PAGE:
# Computational Chemistry/Molecular quantum mechanics

Previous chapter - Molecular dynamics

### Introduction

Our applications of quantum theory here involve solving the wave equation for a given molecular geometry. This can be done at a variety of levels of approximation each with a variety of computing resource requirements.

Our applications of quantum theory here involve solving the wave equation for a given molecular geometry. This can be done at a variety of levels of approximation each with a variety of computing resource requirements. We are assuming here a vague familiarity with the Self Consistent Field wavefunction and its component molecular orbitals.

$<\Psi _{0}|{\hat {H}}|\Psi _{0}>$ $<\Psi _{0}|K.E.+V_{nuc}+\sum _{i$ The $ij$ summation indices are over all electron pairs. It is the ${\frac {1}{r_{ij}}}$ which prevents easy solution of the equation, either by separation of variables for a single atom, or by simple matrix equations for a non spherical molecule.

The electron density $\rho (x,y,z)$ corresponds to the $N$ -electron density $\rho (N)$ . If we know $\rho (N-1)$ we can solve $<\Psi _{0}|{\hat {H}}|\Psi _{0}>$ So we guess $\rho (N)$ and solve $N$ independent Schrödinger equations. Unfortunately each solution then depends on $\rho (N)$ which we guessed. So we extrapolate a new $\rho ^{'}(N)$ and solve the temporary Schrödinger equation again. This continues until $\rho$ stops changing. If our initial guessed $\rho$ was appropriate we will have the SCF approximation to the ground state.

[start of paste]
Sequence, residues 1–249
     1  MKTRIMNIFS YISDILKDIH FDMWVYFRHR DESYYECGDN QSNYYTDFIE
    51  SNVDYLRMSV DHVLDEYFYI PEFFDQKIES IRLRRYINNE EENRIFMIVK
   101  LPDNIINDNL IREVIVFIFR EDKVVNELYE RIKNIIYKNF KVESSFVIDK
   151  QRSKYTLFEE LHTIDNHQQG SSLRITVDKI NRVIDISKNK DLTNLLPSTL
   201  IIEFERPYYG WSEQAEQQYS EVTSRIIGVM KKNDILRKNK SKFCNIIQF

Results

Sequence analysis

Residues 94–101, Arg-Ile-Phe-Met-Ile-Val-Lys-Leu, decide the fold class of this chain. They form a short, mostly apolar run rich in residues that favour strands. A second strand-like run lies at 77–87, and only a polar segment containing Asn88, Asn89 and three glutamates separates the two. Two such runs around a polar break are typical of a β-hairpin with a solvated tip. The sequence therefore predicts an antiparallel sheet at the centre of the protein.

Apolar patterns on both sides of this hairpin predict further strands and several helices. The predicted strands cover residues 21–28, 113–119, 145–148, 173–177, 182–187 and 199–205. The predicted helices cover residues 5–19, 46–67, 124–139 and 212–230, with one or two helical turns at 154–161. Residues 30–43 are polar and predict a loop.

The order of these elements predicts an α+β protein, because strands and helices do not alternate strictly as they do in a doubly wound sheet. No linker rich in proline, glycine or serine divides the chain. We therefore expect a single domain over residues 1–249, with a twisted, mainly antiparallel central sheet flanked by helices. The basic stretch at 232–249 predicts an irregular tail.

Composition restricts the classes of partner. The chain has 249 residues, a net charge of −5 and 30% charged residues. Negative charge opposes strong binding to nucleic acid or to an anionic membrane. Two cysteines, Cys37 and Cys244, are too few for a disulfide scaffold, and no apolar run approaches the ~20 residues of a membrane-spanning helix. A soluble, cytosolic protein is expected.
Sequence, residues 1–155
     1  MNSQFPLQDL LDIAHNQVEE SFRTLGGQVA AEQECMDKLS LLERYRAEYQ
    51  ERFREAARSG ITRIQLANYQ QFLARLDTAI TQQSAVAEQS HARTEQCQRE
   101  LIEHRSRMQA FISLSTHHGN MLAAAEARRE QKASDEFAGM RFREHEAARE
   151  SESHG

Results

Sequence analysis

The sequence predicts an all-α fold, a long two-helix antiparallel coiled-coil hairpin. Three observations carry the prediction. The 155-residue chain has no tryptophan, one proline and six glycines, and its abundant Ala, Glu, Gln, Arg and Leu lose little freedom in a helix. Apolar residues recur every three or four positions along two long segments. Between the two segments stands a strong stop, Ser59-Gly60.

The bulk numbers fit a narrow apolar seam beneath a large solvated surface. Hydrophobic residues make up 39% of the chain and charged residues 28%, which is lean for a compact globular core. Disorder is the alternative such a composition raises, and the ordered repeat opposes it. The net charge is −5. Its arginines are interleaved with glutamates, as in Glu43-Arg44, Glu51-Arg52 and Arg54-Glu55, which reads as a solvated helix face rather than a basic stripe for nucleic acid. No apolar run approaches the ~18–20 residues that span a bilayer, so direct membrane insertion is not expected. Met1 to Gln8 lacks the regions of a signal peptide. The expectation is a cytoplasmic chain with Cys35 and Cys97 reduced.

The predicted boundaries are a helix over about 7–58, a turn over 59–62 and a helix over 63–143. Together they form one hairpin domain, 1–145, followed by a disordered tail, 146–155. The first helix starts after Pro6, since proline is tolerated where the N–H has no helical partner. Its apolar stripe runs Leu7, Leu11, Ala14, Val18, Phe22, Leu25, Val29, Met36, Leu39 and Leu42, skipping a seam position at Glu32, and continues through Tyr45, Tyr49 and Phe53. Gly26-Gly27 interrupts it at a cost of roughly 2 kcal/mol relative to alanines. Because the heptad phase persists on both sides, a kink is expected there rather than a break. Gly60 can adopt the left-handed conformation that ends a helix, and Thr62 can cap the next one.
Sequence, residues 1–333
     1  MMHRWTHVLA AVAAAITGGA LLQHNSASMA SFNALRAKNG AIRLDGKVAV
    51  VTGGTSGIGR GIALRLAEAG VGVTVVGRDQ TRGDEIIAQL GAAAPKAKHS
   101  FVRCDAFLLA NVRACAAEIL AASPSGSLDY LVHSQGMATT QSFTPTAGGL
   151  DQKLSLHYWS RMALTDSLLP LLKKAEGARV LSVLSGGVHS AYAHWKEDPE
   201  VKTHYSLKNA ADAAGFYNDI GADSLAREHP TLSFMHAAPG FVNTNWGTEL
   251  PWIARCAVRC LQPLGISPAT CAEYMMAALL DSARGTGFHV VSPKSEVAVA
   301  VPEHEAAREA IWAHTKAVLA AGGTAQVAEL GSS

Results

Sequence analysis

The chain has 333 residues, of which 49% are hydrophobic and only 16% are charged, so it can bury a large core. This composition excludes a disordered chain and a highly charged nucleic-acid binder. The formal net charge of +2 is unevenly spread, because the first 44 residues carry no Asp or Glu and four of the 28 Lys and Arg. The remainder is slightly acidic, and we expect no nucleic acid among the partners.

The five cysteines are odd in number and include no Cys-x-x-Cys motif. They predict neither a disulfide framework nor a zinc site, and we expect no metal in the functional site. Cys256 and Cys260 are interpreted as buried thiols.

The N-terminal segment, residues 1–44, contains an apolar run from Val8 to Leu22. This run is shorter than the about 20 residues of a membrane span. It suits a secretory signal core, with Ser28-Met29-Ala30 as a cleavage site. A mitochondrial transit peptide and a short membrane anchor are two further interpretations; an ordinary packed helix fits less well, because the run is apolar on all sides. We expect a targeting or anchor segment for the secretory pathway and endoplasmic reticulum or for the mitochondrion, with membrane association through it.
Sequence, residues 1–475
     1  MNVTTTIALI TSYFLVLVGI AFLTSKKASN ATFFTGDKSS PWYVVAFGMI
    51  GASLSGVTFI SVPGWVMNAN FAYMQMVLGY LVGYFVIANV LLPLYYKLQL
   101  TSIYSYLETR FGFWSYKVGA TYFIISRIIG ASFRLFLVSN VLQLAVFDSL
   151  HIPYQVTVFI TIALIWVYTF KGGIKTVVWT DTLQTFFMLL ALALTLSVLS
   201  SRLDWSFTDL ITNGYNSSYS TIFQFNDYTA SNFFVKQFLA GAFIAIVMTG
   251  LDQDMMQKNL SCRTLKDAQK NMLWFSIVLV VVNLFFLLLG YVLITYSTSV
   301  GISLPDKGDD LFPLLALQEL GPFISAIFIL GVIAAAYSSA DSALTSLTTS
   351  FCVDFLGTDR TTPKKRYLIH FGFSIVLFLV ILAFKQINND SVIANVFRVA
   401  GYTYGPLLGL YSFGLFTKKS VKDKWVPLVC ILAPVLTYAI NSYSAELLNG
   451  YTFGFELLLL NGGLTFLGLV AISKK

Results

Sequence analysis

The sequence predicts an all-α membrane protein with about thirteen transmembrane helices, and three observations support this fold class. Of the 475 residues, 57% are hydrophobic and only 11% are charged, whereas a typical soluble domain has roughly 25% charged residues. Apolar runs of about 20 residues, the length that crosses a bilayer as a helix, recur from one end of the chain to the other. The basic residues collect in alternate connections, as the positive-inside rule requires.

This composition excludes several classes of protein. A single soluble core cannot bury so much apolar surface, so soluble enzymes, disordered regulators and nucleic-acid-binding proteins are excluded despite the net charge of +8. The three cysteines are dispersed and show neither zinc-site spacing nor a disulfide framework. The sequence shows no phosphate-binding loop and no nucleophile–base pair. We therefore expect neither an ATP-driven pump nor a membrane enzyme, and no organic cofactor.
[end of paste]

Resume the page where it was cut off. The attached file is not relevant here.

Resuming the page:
This can be done for numerical $\rho$ or we can use LCAO (Linear Combination of Atomic Orbitals) in an algebraic form and integrate into a linear algebraic matrix problem. This use of a basis set is our normal way of doing calculations.

Our wavefunction is a product of molecular orbitals, technically in the form of a Slater determinant in order to ensure the antisymmetry of the electronic wavefunction. This has some technical consequences which you need not be concerned with unless doing a theoretical project. Theoreticians should make Szabo and Ostlund their bedtime reading.

$\Phi _{k}(x_{1},x_{2},x_{3},.....x_{N})~=~{\frac {1}{\sqrt {N!}}}~determinant$ $\psi _{A}(x_{1})\psi _{B}(x_{1})..........\psi _{N}(x_{1})$ $\psi _{A}(x_{2})\psi _{B}(x_{2})..........\psi _{N}(x_{2})$ $......$ $......$ $\psi _{A}(x_{N})\psi _{B}(x_{N})..........\psi _{N}(x_{N})$ When $\Psi$ is expanded in terms of the atomic orbitals $\chi$ the troublesome ${\frac {1}{r_{ij}}}$ term picks out producted pairs of atomic orbitals either side of the operator. This leads to a number of four-centre integralsof order $n^{4}$ . These fill up the disc space and take a long time to compute.

### Bibliography

• A. Szabo and N. S. Ostlund, Modern Quantum Chemistry: Introduction to Advanced Electronic Structure Theory, (Macmillan, New York 1989).
• Computational Quantum Chemistry, Alan Hinchliffe,(Wiley, 1988).
• Tim Clark, A Handbook of Computational Chemistry, Wiley (1985).
• Cramer C.J., Essentials of Computational Chemstry,Second Edition,John Wiley, 2004.
• Jensen F. 1999, Introduction to Computational Chemistry,Wiley, Chichester.
• Web link on Hartree-Fock theory http://vergil.chemistry.gatech.edu/notes/hf-intro/hf-intro.html

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